South Africa’s Presidential Commission on the Fourth Industrial Revolution (PC4IR) admittedly took form in a global environment in which other major countries had already established leadership roles and represented a disproportionate amount of the design and manufacturing of advanced and emerging technologies.
At the same time, South Africa has deep commercial ties to the Peoples’ Republic of China (PRC) and the US, in addition to longstanding and growing cultural tethers with the two countries respectively. The announcement, convening, work and report of the PC4IR all coincided with the US-China trade war (2018-2020), which some scholars argued to be a new Cold War.
As such, the final form of its strategy, represented by the 2020 Report of the Presidential Commission on the 4IR, is a potentially informative contemporary artefact meriting study for ascertaining the direct and/or indirect influences of China and the US in 4IR industrial planning in South Africa.
This article presents an analysis of South Africa’s 4IR strategy in comparative perspective against China and the US. The article draws from a thematic analysis of the PC4IR’s report. It determines whether South Africa’s 4IR strategy has drawn inspiration from the 4IR strategies of the two world powers (and, if so, how much compared to the other), or whether its strategy may be said to be exclusively made in South Africa.
The findings show that South Africa does not excessively lean one way or the other. Also, the trade war has had no discernible influence. South Africa mentions both countries in a good light in its strategy. The findings show, also, that the differences between China and the US may be exaggerated to some degree. Indeed, there are overlaps across all three countries. All three, for example, seem to identify a role for government involvement and even direction in enhancing their positions in the 4IR. All three reports are unequivocal in this regard. Moreover, South Africa has approached the 4IR from a developmental perspective, whereas China and the US are more competitive, efficiency and security minded. Thus, they are time-specific (both setting 2025 as a crucible point) whereas South Africa is open-ended.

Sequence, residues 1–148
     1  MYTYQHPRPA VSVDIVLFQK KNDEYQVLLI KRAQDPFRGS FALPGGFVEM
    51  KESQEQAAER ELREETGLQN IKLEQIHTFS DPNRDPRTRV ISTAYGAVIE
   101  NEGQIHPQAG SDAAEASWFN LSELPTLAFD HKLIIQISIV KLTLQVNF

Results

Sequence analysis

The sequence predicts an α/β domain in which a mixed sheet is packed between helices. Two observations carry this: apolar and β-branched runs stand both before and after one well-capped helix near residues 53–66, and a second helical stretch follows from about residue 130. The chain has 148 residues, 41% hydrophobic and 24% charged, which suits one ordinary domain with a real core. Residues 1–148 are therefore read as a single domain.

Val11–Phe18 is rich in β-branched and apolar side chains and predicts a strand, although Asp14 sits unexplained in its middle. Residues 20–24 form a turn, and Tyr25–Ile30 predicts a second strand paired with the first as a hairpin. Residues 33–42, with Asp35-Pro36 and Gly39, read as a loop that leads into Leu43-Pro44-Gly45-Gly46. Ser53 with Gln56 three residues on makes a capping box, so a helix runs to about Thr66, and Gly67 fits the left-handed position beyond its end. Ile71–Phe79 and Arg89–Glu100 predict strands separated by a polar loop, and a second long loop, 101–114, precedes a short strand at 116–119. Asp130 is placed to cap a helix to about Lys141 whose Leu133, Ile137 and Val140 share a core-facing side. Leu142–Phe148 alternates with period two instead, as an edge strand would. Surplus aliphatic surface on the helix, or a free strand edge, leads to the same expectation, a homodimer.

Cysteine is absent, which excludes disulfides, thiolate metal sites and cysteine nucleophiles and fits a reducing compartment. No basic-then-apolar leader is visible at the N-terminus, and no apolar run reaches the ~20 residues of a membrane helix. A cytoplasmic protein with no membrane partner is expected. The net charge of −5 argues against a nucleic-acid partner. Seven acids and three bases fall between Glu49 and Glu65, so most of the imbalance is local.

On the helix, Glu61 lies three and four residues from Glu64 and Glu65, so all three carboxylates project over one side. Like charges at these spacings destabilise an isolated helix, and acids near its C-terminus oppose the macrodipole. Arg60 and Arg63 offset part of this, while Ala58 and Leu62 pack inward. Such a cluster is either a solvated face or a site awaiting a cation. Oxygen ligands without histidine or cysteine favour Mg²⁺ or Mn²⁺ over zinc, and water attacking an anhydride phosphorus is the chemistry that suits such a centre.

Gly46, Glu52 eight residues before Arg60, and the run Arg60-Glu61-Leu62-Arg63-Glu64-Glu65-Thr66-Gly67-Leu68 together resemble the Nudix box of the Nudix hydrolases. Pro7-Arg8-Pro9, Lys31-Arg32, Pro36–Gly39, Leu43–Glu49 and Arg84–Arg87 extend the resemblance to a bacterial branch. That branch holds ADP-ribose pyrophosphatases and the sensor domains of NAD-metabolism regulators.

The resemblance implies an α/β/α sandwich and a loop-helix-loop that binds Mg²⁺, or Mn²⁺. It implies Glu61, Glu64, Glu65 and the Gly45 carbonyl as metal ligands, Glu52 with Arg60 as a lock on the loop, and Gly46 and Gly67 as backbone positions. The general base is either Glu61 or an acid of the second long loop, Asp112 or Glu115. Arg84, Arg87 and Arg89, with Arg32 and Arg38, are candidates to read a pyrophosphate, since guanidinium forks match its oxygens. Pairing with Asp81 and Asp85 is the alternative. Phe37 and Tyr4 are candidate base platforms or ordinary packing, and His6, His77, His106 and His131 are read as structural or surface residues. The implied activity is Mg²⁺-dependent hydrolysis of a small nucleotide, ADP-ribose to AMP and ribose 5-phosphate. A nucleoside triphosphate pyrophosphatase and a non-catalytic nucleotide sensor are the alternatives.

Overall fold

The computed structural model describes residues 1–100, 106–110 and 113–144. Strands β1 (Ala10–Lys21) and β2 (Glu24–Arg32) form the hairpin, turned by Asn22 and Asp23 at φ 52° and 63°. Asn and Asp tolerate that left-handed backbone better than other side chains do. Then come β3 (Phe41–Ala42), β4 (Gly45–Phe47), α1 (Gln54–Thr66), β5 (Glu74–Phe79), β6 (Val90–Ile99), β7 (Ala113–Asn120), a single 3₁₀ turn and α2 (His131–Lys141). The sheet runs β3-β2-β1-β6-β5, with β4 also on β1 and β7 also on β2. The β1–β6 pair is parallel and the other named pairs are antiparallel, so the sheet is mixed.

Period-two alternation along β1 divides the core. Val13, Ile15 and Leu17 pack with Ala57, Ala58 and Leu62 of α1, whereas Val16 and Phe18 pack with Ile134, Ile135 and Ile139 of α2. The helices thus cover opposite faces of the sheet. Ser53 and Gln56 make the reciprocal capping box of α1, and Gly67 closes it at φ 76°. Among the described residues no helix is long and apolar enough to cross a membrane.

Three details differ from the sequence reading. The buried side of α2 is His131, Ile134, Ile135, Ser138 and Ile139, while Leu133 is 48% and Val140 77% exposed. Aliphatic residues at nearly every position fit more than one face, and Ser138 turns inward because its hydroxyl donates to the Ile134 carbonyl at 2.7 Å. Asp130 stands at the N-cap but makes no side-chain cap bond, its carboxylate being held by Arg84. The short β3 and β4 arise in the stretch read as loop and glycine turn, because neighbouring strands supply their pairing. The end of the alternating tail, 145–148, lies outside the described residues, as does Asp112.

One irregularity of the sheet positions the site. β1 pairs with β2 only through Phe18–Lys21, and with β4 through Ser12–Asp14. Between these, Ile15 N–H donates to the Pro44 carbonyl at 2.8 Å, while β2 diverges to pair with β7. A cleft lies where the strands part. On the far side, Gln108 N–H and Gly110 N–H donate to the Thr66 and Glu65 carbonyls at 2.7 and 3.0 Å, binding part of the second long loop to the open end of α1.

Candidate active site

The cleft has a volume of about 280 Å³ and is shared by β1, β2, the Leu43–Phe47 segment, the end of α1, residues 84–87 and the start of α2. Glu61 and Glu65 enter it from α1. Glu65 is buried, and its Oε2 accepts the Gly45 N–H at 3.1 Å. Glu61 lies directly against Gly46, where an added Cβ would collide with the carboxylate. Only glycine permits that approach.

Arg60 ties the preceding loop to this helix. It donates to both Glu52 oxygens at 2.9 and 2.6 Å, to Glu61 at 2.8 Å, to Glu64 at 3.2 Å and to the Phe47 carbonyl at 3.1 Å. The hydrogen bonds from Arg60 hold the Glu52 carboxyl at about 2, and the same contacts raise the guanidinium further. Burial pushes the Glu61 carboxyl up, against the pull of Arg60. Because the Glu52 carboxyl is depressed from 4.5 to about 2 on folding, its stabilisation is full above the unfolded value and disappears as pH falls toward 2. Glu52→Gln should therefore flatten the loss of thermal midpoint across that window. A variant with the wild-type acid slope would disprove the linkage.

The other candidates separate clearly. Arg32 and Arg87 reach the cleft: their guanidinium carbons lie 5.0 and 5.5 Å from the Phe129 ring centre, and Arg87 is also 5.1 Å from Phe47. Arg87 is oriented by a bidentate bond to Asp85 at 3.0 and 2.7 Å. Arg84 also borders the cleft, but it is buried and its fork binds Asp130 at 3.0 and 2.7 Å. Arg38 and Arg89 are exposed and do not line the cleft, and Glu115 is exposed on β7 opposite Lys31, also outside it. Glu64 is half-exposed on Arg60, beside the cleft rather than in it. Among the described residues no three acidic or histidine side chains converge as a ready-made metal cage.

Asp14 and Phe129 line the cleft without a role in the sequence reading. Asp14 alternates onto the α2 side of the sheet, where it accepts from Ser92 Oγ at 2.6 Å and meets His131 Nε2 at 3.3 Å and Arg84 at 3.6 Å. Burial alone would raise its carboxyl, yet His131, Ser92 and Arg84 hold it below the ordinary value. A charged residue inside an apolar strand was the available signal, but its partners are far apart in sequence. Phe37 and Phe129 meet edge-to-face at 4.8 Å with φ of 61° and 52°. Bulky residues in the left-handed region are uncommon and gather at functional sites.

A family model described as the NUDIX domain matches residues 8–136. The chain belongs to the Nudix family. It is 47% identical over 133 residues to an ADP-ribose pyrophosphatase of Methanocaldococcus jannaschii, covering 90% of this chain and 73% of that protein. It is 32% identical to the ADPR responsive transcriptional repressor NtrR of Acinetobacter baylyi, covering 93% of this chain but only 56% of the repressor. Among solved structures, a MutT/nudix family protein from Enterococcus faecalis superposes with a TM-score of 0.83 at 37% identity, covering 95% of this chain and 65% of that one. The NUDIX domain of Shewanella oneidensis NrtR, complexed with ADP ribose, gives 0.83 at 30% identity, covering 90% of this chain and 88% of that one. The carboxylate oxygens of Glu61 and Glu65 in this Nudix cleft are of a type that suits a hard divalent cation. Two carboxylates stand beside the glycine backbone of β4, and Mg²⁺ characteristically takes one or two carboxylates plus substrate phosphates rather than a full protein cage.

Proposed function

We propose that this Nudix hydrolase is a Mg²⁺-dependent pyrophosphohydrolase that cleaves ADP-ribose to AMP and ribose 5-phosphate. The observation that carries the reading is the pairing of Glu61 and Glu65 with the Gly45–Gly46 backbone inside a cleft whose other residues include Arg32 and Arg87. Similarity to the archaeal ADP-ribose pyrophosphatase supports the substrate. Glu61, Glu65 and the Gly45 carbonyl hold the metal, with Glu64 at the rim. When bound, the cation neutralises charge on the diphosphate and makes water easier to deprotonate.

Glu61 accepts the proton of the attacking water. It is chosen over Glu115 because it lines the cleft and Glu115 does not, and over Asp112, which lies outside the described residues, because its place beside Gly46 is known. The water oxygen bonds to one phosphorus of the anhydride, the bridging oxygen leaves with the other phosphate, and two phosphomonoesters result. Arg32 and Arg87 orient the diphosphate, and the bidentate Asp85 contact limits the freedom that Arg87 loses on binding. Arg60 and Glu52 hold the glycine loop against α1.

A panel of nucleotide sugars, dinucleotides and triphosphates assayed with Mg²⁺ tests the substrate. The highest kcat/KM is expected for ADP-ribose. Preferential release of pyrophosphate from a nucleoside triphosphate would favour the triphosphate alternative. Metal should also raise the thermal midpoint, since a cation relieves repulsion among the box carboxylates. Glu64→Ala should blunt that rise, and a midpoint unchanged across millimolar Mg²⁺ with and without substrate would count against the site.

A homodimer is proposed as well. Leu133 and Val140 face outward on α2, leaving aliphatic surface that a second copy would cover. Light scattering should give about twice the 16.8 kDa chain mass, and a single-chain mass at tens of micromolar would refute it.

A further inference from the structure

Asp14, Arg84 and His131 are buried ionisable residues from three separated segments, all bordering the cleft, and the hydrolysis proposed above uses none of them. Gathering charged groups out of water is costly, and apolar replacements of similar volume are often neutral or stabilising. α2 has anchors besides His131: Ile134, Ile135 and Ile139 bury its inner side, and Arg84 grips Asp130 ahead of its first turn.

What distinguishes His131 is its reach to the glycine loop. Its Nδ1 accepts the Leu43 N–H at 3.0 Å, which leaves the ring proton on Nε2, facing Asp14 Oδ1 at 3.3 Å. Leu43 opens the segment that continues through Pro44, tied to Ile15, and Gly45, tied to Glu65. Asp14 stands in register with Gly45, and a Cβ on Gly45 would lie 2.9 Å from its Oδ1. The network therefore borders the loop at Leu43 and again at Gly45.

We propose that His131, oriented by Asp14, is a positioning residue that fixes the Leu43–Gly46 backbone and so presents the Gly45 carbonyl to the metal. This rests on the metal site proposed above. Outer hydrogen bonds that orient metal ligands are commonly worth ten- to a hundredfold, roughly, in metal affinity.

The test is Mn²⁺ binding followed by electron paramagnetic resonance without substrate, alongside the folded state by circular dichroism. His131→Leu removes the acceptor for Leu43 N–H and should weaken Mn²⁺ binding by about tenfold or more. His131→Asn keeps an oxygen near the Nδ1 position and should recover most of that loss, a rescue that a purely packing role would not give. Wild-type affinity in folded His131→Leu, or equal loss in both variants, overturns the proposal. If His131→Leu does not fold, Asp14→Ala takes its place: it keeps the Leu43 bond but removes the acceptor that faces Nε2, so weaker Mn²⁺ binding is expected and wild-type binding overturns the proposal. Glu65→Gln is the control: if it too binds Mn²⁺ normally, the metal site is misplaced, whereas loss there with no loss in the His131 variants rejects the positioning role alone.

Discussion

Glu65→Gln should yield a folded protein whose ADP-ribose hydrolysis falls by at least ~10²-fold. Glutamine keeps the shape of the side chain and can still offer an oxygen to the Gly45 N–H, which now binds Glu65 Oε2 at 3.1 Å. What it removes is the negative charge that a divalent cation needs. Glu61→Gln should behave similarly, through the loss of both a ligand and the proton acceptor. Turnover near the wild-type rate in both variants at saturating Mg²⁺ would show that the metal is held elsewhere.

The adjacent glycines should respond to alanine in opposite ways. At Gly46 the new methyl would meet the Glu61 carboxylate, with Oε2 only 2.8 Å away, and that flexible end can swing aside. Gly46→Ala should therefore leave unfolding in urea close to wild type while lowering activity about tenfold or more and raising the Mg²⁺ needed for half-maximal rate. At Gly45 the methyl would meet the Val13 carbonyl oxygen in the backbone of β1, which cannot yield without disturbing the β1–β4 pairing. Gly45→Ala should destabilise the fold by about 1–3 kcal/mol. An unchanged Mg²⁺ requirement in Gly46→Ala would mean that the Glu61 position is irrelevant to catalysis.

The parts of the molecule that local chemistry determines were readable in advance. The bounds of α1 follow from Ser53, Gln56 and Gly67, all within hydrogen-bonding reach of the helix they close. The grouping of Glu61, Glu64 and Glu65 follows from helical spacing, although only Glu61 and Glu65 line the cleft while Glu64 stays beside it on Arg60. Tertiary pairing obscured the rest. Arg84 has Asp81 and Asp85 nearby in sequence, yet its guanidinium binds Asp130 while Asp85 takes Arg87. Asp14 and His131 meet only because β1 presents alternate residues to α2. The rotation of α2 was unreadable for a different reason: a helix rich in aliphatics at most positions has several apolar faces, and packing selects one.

It is worth considering, briefly, the role of both countries in South Africa technology production. A viable proxy for this is the total share of either country in South Africa’s computer chip imports. Chips are crucial because they are components of all technology products, and it is telling where South Africa has historically and currently sources this crucial ingredient.
The share of each country in South Africa’s total imports of each product is represented in Figure 1 and Figure 2. Overall, China’s share began lower than that of the US in 2001 but has since supplanted it on both products. For example, China’s range of 23% (2018) and 33.8% (2019) outcompetes the US’s 4.2% (2018) and 7% (2019).
The extent to which global developments informed South Africa’s 4IR report is indicated in the document itself. It states that: “[We] understand that in the context of a globalised society, competition and wellbeing are not only about our own standards, but also relative to the quality of economic and social life enjoyed in other nations. To this end, in determining the socioeconomic impact of the 41R path that South Africa embarks upon, we will also keep a firm eye on the strategies that other countries are undertaking to ascertain gaps and opportunities, both locally and internationally. The concept of 4IR is new. Therefore, only a handful of countries have developed strategies in response to this unfolding current revolution in anticipation of a different future reality”.